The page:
Non-alcoholic fatty liver disease (NAFLD) is a disease in which fat accumulates in the liver without excessive alcohol consumption. It is related, among other things, to the development of diabetes II. type, obesity and also genetic predisposition and is therefore an increasingly common diagnosis. It is estimated that more than a quarter of the world’s population suffers from NAFLD.
An international research team, whose members were also scientists from The International Clinical Research Center of St. Anne’s University Hospital Brno (FNUSA-ICRC), focused in its work on how NAFLD is affected by genetic variations. Their article entitled “Pediatric Non-Alcoholic Fatty Liver Disease is Affected by Genetic Variants Involved in Lifespan / Healthspan” was published in the Journal of Pediatric Gastroenterology and Nutrition.
“We investigated the impact of single nucleotide polymorphisms (SNPs), which are related to lifespan,” said Manlio Vinciguerra, Ph.D. MSc, Principal Investigatorof Epigenetics, Metabolism and Aging research team of FNUSA-ICRC. Single nucleotide polymorphisms are variations in a single nucleotide in the human genome and are the basis of differences in our susceptibility to various diseases.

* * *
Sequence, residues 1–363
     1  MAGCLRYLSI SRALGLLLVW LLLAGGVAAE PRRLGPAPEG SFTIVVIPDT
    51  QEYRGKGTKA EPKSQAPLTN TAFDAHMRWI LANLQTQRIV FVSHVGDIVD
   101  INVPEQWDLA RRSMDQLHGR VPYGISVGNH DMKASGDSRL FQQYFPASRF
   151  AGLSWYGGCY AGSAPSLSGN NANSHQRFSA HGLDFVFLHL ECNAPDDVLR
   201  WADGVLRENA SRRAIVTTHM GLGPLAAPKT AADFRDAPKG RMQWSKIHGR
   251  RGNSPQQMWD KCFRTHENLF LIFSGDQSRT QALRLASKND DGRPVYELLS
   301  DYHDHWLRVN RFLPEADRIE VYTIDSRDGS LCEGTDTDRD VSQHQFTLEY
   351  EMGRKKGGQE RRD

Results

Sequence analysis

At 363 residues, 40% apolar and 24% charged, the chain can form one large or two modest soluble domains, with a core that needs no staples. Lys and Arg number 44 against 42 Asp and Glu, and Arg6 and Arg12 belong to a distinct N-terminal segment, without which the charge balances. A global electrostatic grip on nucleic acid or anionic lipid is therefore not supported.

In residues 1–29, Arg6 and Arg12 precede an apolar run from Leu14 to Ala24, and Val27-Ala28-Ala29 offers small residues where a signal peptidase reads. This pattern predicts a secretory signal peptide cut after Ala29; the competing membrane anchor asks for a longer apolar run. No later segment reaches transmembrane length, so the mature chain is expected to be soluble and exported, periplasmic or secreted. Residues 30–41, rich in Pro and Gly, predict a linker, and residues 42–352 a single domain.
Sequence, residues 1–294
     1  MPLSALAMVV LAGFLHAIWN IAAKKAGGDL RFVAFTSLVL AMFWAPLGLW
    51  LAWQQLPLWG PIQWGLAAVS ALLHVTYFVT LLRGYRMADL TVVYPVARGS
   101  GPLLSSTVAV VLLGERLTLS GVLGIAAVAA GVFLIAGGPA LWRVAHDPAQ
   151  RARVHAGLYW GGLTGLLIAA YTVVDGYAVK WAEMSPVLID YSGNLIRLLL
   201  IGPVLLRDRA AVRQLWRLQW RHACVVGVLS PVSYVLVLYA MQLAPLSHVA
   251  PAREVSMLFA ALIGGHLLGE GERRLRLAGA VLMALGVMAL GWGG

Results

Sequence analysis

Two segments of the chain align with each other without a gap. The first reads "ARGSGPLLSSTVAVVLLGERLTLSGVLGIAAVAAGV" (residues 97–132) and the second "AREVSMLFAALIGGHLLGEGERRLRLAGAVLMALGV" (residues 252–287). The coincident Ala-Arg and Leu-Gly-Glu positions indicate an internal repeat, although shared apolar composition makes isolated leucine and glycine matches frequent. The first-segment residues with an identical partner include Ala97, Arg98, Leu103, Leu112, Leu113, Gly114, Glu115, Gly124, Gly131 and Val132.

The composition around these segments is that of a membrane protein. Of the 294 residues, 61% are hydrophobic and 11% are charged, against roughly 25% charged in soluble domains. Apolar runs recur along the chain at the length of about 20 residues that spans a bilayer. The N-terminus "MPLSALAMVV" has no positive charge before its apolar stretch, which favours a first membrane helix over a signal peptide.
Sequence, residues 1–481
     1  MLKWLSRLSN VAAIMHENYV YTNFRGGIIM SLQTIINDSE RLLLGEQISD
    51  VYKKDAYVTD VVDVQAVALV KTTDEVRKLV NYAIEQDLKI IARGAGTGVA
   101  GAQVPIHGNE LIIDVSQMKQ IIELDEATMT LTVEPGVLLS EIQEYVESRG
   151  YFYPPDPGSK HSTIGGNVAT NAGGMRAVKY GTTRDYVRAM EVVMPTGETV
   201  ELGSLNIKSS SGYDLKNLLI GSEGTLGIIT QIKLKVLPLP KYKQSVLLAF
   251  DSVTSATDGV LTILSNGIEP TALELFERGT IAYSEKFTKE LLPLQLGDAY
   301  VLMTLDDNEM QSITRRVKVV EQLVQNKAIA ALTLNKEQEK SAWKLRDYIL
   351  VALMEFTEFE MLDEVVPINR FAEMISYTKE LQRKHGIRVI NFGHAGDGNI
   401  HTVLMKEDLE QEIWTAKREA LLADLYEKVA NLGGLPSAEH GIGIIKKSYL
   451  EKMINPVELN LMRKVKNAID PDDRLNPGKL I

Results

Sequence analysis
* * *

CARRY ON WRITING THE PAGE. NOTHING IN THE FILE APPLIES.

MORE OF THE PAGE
The research was performed on a sample of 177 patients with this diagnosis with an average age of 13.7 years. As a control, there were 146 healthy individuals. 10 single nucleotide polymorphism were selected, which are demonstrably related to metabolism and also to liver function. “We used multidimensional reduction analysis and control of SNP-SNP interactions on the obtained samples in order to identify the effect of the examined SNPs in the prediction of NAFLD and related complications,” described Dr. Vinciguerra.
The results showed that all examined SNPs are related to individual metabolic features of NAFLD, however, none was significantly associated with its diagnosis. Subsequent testing of potential synergies revealed that the combination of IL-6 rs1800795 and ANRIL rs1556516 could be used to diagnose NAFLD and to estimate their life expectancy. “To confirm whether the genetic interaction between the two genes affects the development of this disease in children, another, larger, study will be needed,” added Dr. Vinciguerra.
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